Bond yields turned mixed on Monday as traders weighed worries about a Covid-19 lockdown in China against fears the Federal Reserve will remain determined to tighten policy aggressively.
The yield on the 2-year Treasury
was at 4.522%, up from 4.510% on Friday. Yields move in the opposite direction to prices.
The yield on the 10-year Treasury
was 3.814%, little changed from 3.817% as of Friday afternoon.
The yield on the 30-year Treasury
was down at 3.905% versus 3.926% on Friday.
What’s driving markets
The 2-year yield advanced on Monday as concerns about further Federal Reserve rate hikes overshadowed worries that more Covid-19 lockdowns in China will damage the global economy.
Yields initially fell in Asian and early European action as traders bought bonds after reports Beijing would restrict activity in the southern Chinese metropolis of Guangzhou. News that German producer price inflation fell 4.2% in October, against forecasts for a month-on-month gain of 0.9%, added to demand for sovereign debt.
However, despite comments over the weekend from Atlanta Fed President Raphael Bostic saying he favored slowing the pace of interest rate rises, investors remained wary of further aggressive tightening by the U.S. central bank.
As of Monday morning, markets were pricing in a 76% probability that the Fed will raise interest rates by another 50 basis points to a range of 4.25% to 4.50% on Dec. 14, according to the CME FedWatch tool. The central bank is mostly expected to take its fed-funds rate target to at least between 4.75% and 5% by March, according to 30-day Fed Funds futures.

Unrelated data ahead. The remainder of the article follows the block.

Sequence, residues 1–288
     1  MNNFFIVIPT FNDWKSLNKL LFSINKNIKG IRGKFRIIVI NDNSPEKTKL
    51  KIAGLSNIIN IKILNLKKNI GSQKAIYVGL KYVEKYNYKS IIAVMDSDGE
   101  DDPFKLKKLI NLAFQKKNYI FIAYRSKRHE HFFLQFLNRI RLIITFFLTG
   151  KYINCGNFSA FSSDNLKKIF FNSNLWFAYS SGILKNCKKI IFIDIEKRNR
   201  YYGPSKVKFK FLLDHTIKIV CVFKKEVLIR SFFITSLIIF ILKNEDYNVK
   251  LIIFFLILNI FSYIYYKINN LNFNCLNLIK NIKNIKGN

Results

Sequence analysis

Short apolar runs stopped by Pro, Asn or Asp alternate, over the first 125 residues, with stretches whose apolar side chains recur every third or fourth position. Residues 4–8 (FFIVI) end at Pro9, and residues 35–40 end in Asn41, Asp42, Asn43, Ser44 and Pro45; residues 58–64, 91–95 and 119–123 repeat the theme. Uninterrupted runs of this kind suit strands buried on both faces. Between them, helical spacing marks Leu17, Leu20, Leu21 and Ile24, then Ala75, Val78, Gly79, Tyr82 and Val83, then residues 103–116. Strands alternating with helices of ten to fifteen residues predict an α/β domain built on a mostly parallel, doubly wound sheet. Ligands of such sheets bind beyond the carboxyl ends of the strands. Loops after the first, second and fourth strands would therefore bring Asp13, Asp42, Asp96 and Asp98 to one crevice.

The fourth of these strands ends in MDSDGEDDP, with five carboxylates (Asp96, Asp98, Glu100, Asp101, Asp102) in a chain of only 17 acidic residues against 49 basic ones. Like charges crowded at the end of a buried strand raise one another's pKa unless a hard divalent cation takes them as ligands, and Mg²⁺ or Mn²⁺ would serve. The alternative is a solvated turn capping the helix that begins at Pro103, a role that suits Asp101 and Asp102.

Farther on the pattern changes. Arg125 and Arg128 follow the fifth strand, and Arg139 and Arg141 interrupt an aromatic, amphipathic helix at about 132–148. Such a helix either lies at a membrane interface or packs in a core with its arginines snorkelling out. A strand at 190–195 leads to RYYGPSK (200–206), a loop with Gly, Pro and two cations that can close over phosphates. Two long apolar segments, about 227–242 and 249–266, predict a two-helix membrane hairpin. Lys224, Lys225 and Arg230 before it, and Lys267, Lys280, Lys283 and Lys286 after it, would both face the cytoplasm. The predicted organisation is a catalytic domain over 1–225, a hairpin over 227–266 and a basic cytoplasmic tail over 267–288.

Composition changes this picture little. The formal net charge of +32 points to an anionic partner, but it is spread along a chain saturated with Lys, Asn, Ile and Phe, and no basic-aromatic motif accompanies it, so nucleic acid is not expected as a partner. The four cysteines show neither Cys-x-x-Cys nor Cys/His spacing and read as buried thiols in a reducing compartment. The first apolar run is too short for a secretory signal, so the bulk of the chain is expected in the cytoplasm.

In data released on Monday, the Chicago Fed National Activity Index decreased to minus 0.05 in October in a sign of slowing growth. The Fed will release the minutes of its most recent rate-setting meeting on Wednesday.
What are analysts saying
“[The] worry is the Fed minutes which could put pivot expectations in a hawkish wrapper. And given Bullard’s comments from last week, I suspect the minutes will reflect the general agreement that the fed-funds rate may need to go higher than previously assumed,” said Stephen Innes, managing partner at SPI Asset Management.